Simulation and Clinical Assessment of Blast-Induced Traumatic Brain Injury

 

 

Authors: Paul A. Taylor, John S. Ludwigsen,  Andrei A. Vakhtin, Corey C. Ford

 

Introduction

Recent combat statistics report that over 267,000 US soldiers deployed in Iraq and Afghanistan have sustained traumatic brain injury (TBI), with over 48,000 of those categorized at the moderate-to-severe level, 69% caused by blast exposure [1–3]. The principal source of these brain injuries was one or more encounters with the blast wave produced by a detonated improvised explosive device (IED). Primary blast injury is associated with direct exposure of the head and body to the blast wave without other blunt injury mechanisms [4]. The role of direct or primary blast exposure in the development of TBI is not well understood and has been the focus of our research.

Modeling and simulation-based investigations into the causal relationship between explosive blast and TBI have recently begun to appear in the literature [5–7]. In an earlier study [6], we identified the presence of blast-induced, early-time stress waves that occur within the brain well before the onset of any head motion.  These studies also revealed the need for a more complete head model to better define the important structures of the brain.

In response, we developed a high resolution, head-neck model and simulated the effects of blast direction on intracranial stress waves and the deposition of wave energy [8]. We also investigated a group of veterans with mild TBI (mTBI), whose injury scenarios were primarily limited to blast exposure [9]. Our goal was to establish correlations between simulation predictions of intracranial wave energy deposition and the brain injury observed in these subjects. The next step would be to construct a brain injury threshold criterion to define the limits of wave physics variables (e.g., stress or energy maxima) that would lead to brain injury. A modeling and simulation (M&S) approach, in conjunction with a brain injury threshold criterion, would facilitate investigations of the mechanisms of blast-induced brain injury and provide the means to assess helmet design effectiveness and strategies to protect against blast induced brain injury.

 

Modeling and Simulation

We constructed a virtual head-neck model based on the National Library of Medicine’s Visible Human dataset [10]. The model possesses anatomically correct distributions of bone, white and gray brain matter, falx and tentorium, cerebral spinal fluid (CSF), and muscle-scalp (see Figure 1). Anatomical details of the model are defined at a 1 mm resolution. Constituent material properties are defined for bone, white and gray matter, membranes, cerebral spinal fluid, and muscle-scalp. All constitutive model descriptions for our bio-materials have been reported in detail in a separate article [8]. We assigned a non-linear equation-of-state representation for dry air, specifically designed for shock wave simulations [11].

figure_1_sim_NTL.jpg

Figure 1. Head-neck model. Top row: front, rear, and left side views. Bottom row: coronal, axial, and mid-sagittal cuts displaying internal structure.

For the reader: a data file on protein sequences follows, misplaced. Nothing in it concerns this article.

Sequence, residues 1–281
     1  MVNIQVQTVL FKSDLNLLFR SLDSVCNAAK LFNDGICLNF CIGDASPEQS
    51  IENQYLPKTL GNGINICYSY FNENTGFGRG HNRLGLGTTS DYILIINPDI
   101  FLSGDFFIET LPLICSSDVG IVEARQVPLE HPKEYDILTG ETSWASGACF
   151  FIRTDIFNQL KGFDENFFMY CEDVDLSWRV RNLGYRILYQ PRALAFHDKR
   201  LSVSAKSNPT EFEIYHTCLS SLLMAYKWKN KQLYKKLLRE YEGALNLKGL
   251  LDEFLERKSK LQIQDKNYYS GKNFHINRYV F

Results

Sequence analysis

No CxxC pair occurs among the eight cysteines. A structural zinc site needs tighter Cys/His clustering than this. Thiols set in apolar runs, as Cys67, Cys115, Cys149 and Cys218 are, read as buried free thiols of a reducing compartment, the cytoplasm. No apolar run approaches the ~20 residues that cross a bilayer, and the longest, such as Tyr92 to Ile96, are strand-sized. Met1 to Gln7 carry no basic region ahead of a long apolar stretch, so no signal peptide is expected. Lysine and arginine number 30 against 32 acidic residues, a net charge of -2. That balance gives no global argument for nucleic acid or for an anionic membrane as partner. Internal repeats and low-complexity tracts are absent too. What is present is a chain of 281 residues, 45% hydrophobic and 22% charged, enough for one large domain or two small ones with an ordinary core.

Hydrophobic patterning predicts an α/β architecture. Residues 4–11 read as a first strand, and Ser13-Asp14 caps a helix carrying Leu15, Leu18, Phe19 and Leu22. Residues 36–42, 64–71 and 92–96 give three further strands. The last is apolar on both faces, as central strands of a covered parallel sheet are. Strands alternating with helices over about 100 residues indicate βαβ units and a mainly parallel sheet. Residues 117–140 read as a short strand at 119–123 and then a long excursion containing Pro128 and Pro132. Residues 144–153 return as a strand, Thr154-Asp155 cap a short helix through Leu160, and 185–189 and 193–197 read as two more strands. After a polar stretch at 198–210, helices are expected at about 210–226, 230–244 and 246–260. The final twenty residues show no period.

We use two simulation methods, each chosen for its ability to capture the relevant physics of the injury scenario under investigation. Blast simulations are performed using the shock wave physics code CTH [12], and for blunt impact, we employ the transient dynamics code PRESTO [13]. PRESTO was also used to validate the head-neck model by simulating the magnetic resonance tagging experiments of Sabet et al. [14] and Feng et al. [15].

Simulations of direct blast exposure to the unprotected head were performed to study the effects of both the blast magnitude and direction (Figure 2). Localized brain injury may correlate with one or more of three possible stress wave energy quantities: isotropic compressive energy (ICE), isotropic tensile energy (ITE), and deviatoric shear energy (DSE).

figure_2_sim_NTL.jpg

Figure 2. Stop-action plots of blast-generated pressure waves propagating through the head model from the front (left image), rear (center image), and lateral (right image) directions.

Brain tissue is infused with a significant amount of fluid and therefore is essentially incompressible; however, ITE could result in cavitation if local fluid pressure is reduced to partial vacuum levels.  Fluid could undergo a phase transformation from liquid to vapor initiating bubble formation. When these bubbles collapse they could generate micro-shock wavelets that are thought to cause tissue damage in the vicinity of the collapse [16–18]. DSE is thought to cause tissue damage as a result of axonal membrane tearing and cytoskeletal disruption [19,20]. Figure 3 displays maximum predicted levels of these energy terms for a 360 KPa blast wave directed at the head from the rear. Although ICE has, thus far, not been associated with brain injury, it is plotted in Figure 3 for completeness.

figure_3_sim_NTL.jpg

Figure 3. Simulation plots of maximum energy in the mid-sagittal (left column) and axial (right column) planes for a 360 KPa rear blast. Top row: maximum isotropic compressive energy (blue: 1 J/m3; red: 300
J/m3).Middle row: maximum isotropic tensile energy (blue: 1 J/m3; red: 200 J/m3). Bottom row:
maximum deviatoric shear energy (blue: 1 J/m3; red: 300 J/m3). Black denotes that the plot variable maximum limit has been exceeded.

A significant unexpected finding in the simulations was the prediction of independence of ITE and DSE deposition on blast direction [8]. Deposition of these two energy quantities occurred in the same regions of the brain with the same magnitudes regardless of the blast direction (front, rear, or side). This result suggests that it is not necessary to take blast direction into account, an important result for the designers of protective headgear.

 

Clinical Assessment of TBI

We conducted functional magnetic resonance image (fMRI) studies on 13 combat veterans, who were diagnosed with mTBI. These veterans were given a battery of 12 neuropsychological tests. Their averaged t-scores defined a Gaussian distribution with a mean of 44, 6 points below normal controls [9]. The mTBI subjects demonstrated statistically significant deficits in tasks measuring attention and processing speed.